Celebrities

‘Saltie’-wrangler Matt Wright on risky animal encounters

We use your sign-up to provide content in ways you’ve consented to and to improve our understanding of you. This may include adverts from us and 3rd parties based on our understanding. You can unsubscribe at any time. More info

“They’re the kings, the most aggressive in the world,” he says. “They can grow up to 22 or 23 feet long.” Star of the popular Netflix series Wild Croc Territory, and owner of an Australian safari camp, Wright has inevitably been compared with late, great “Crocodile Hunter” Steve Irwin, that other Aussie conservationist and TV presenter who died tragically in 2006 after being stung by a stingray while diving on the Great Barrier Reef.

Just like Irwin, Wright appears to take risks that border on the insane.

For his latest series, where he and his team trap killer saltwater crocodiles (or “salties”) in Australia’s Northern Territory, before moving them to safe locations, he regularly finds himself standing astride 18ft-long beasts, doing his best to avoid the thrashing tails at one end and the monstrous
teeth at the other.

“Being regarded in the same light as Steve Irwin is a pretty big honour,” Wright says. “He showcased Australia very well and was loved all over the world. Outside of David Attenborough, he was the pinnacle of conservation.”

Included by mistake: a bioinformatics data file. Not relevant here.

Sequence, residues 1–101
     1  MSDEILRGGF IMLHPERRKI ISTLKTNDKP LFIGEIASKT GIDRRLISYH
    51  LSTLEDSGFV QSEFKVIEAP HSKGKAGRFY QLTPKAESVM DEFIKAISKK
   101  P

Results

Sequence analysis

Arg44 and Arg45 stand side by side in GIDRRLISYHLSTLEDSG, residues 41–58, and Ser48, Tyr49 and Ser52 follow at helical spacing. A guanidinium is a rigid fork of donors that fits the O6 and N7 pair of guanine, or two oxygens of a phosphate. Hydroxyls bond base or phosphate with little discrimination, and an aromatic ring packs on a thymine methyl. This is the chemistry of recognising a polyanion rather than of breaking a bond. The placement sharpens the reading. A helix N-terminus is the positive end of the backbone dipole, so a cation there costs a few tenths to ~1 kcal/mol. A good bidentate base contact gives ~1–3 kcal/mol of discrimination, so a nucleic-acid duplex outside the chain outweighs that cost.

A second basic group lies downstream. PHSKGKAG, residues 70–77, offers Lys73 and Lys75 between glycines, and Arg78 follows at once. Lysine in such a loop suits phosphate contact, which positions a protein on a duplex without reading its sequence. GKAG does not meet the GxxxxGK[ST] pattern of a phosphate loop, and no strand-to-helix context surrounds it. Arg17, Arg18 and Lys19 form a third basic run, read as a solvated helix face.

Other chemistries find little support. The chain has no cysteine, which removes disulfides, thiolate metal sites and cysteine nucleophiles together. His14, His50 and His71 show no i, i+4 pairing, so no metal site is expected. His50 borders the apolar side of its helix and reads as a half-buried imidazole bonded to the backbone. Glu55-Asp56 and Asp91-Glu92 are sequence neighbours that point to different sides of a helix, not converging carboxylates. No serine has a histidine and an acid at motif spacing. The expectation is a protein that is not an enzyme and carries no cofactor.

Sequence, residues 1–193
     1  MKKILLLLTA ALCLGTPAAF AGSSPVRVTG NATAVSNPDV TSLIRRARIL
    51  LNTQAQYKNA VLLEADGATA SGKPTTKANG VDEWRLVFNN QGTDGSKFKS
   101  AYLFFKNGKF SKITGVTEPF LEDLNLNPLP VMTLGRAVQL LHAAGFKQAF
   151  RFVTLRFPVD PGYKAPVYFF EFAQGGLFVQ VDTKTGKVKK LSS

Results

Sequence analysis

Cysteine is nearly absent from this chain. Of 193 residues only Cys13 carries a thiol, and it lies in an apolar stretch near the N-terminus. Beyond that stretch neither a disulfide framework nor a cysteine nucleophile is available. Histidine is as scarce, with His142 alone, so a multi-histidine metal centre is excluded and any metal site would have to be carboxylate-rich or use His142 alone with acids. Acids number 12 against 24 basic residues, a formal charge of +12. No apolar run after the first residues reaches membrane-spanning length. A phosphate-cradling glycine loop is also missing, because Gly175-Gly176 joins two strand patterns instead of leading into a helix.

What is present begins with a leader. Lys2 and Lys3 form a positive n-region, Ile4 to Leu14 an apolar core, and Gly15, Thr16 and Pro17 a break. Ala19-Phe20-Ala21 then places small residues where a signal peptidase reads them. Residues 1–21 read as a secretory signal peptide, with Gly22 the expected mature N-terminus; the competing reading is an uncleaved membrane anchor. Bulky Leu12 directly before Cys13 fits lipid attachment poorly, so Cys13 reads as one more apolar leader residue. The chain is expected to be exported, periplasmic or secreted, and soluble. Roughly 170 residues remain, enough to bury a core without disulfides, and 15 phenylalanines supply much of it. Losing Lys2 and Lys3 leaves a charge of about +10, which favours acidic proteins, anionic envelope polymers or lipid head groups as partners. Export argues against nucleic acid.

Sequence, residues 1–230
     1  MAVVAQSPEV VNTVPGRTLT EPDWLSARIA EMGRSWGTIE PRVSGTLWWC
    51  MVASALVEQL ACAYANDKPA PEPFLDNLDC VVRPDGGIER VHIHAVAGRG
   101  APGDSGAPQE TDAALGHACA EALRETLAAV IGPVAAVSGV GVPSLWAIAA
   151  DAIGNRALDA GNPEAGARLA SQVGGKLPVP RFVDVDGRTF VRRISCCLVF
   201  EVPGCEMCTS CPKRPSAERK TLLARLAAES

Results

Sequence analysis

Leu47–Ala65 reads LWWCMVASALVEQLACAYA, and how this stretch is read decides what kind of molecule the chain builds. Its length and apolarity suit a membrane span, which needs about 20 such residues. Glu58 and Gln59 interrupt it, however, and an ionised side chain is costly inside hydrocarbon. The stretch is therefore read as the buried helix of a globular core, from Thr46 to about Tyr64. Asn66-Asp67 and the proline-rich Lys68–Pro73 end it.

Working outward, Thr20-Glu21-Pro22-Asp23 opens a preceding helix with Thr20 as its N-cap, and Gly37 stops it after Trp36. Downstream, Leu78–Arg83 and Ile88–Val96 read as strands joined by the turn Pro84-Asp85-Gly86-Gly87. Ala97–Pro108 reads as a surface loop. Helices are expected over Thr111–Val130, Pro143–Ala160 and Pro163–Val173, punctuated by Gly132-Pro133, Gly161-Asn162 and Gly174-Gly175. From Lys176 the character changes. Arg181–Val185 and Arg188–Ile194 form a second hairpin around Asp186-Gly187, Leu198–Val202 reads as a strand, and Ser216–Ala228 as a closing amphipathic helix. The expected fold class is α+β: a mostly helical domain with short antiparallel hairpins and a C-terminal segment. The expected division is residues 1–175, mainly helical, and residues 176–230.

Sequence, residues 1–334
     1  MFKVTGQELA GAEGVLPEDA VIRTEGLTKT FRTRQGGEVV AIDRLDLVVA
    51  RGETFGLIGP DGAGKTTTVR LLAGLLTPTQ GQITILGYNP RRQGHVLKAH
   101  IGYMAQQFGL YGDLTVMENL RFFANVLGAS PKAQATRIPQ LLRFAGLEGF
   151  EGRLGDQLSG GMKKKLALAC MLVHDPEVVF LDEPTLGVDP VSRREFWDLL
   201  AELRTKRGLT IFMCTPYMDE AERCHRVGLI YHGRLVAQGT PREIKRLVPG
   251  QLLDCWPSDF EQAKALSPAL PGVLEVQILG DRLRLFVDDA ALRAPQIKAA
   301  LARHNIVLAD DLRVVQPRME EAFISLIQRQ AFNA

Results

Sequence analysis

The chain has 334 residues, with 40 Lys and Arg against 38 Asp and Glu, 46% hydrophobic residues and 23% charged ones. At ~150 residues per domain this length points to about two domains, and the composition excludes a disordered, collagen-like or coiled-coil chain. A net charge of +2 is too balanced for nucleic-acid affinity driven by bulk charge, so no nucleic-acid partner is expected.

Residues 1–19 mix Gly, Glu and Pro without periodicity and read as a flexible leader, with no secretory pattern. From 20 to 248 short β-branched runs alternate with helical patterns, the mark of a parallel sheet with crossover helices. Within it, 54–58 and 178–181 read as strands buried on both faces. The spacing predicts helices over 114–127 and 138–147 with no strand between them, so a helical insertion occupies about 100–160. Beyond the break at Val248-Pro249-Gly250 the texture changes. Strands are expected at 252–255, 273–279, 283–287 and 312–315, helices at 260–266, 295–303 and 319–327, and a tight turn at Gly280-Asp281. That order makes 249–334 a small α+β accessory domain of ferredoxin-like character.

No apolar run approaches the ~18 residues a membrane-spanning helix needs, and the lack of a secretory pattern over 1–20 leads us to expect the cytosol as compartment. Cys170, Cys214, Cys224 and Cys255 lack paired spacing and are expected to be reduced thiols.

Wright never met Irwin but displays a great respect for the late man’s legacy, especially the wildlife park that Irwin’s widow still runs in Queensland.

But in a way, he has taken on Irwin’s mantle of teaching people about wildlife through risky animal encounters.

In his latest series, Wright and his team scramble all over the tropical savannas, estuaries and floodplains of Australia’s far north in search of killer crocodiles. Using helicopters, flat-bottomed swamp boats, off-road vehicles and steel cages, they attempt to trap the fearsome beasts.

All while the hapless reptile does its best to bite, roll or thrash its way out of trouble.

TranquiLliser darts aren’t practical as the crocodiles would drown in their watery environment. Wright says even using milder drugs to make them sleepy can be risky for the reptiles. “I’m probably the only wrangler who doesn’t use drugs to calm them down,” he adds.

Of course, this means the crocs are livelier than ever. While filming a previous series, Wright had his ankle broken by a large, swishing tail.

“He was a reasonably big croc, about 14ft long,” he recalls today. “I was going to tie him to a tree and let him calm down a bit.

“I gave him a little tap on the tail with my foot to hurry him up, and he came back at me with the biggest tail swipe ever.” Wright had his legs swept from beneath him, his ankle broken instantly.

Another time, a croc’s tail flipped him high into the air. “I landed on my neck and was knocked out for a few minutes. I thought I’d broken my neck.”

In one episode of the new series, things get particularly hairy when Wright’s colleague Christopher “Willow” Wilson trips and falls from a swamp boat into the water, just feet from an angry crocodile. The team pulls him to safety, but it’s a close call.

A few weeks after filming was completed, Wilson died in a helicopter accident. The series is dedicated to him.

Statistically, very few humans are killed in Australia by crocodiles – less than two a year, in fact.